The Saxophone and the Camera
I started to learn to play a saxophone several years ago; this was a fulfilment of a childhood ambition. Just like the kid who asked “how much is the doggy in the window” I couldn’t walk past a cash converter shop displayed saxophone and wonder if….! Until the inspirational day came when I had my first saxophone lesson & bought a saxophone.
Within a few days I mastered the basic fingering and could play most chromatic notes starting at C. Playing tunes came sometime later, because learning the fingering takes very little time, but becoming a musician takes a little longer! It has been said that to become a virtuoso musician needs 10,000 hours of practice….I don’t have that time! But whatever the level of ambition, playing well still needs practice.
Now what on earth has this got to do with the camera?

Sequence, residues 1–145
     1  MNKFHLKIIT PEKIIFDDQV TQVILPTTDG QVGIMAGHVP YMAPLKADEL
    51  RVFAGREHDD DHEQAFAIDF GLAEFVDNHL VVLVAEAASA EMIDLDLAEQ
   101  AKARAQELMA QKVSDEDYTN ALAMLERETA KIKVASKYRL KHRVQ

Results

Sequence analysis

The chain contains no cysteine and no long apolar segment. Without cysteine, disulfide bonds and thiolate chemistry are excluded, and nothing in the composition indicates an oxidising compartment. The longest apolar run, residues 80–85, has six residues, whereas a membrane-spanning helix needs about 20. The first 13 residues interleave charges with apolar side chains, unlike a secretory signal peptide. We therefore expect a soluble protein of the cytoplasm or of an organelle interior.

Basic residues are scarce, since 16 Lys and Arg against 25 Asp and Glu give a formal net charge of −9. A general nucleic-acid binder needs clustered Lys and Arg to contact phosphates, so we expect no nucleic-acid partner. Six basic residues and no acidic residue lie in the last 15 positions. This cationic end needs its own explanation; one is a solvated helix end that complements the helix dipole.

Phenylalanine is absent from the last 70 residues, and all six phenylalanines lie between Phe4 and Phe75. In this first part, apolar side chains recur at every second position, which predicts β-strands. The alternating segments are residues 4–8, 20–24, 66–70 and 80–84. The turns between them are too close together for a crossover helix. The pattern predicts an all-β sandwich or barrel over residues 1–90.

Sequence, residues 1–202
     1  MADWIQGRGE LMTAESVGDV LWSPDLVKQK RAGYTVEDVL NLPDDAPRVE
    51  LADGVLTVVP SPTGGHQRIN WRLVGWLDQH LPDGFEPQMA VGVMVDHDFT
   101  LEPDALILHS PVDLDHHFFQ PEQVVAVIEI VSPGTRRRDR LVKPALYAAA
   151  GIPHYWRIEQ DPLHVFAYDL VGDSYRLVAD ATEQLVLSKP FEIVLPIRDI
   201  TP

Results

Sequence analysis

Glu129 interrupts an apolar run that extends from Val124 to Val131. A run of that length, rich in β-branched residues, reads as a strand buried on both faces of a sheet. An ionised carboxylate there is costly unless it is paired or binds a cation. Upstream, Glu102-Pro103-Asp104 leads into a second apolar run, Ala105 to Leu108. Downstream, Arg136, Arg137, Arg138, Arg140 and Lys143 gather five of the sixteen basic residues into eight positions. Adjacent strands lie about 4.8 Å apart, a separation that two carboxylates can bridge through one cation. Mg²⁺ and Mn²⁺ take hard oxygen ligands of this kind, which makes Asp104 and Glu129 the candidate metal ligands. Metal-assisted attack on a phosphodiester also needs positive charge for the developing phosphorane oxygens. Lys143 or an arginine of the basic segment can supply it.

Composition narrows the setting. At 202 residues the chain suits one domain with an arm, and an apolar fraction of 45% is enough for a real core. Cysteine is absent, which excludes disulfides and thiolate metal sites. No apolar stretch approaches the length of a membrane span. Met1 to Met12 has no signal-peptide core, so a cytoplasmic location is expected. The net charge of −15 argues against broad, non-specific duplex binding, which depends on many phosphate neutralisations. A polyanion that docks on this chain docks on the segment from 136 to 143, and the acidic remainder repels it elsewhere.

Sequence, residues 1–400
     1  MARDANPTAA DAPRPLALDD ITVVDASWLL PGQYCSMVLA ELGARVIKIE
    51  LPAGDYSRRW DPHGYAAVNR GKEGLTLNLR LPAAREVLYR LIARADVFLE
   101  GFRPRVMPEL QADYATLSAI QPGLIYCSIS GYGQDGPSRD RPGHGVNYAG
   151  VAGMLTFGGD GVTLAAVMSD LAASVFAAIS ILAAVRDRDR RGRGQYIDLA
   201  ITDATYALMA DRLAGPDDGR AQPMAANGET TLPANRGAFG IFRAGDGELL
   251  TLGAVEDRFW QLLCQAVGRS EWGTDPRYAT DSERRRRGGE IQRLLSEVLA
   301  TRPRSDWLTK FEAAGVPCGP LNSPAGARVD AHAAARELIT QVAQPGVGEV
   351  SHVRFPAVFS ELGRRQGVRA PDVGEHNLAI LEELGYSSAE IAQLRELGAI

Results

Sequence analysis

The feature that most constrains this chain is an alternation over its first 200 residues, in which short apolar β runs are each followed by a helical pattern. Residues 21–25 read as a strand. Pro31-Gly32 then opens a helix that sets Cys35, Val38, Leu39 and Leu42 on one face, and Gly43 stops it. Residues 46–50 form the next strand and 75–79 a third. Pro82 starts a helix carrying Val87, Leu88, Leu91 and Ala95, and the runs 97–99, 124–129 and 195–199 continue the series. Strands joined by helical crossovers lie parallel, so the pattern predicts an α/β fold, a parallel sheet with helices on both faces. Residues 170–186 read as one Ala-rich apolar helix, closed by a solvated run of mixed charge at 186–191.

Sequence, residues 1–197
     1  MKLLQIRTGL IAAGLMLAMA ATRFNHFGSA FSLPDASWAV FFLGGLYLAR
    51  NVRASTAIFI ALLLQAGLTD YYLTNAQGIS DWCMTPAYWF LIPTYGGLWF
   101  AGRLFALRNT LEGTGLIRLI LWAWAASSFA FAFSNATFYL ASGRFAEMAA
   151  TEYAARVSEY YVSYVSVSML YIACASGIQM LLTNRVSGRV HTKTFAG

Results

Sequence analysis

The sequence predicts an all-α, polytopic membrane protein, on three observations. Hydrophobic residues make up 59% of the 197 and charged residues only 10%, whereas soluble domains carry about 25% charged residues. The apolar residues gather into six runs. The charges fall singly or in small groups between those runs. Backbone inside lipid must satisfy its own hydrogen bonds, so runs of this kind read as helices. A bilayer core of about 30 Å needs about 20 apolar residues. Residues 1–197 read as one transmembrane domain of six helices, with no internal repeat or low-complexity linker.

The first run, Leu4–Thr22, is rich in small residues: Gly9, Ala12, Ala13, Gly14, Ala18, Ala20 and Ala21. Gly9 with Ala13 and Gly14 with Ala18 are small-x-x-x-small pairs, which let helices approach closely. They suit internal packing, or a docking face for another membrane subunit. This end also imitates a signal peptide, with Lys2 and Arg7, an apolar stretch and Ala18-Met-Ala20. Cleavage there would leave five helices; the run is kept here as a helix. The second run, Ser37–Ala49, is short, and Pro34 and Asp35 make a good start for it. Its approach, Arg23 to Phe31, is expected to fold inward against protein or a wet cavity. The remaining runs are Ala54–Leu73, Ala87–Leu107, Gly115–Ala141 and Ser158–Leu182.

If you have been attracted to this piece, you are either a sax player or a photographer or possibly both. However, you may be an amateur photographer who is thinking about turning your hobby into paid employment. You have a camera, and just like the fingering of a saxophone you know your way round the controls. But just like owning & fingering the saxophone doesn’t make you a professional musician, neither does owning a camera make you a professional photographer. Each requires dedication and commitment, evidenced by a desire to learn and improve. The musician needs good ears (and rhythm). And the photographer needs good eyes; the former to hear beyond mere sounds, the latter to look instead of just seeing, which involves composition and design. Here the two part company: professional photography requires good business acumen and clients because ultimately without them there’s no income and you starve! And the musician needs the drive to withstand the adversities of living a musician’s life amidst the demands for living.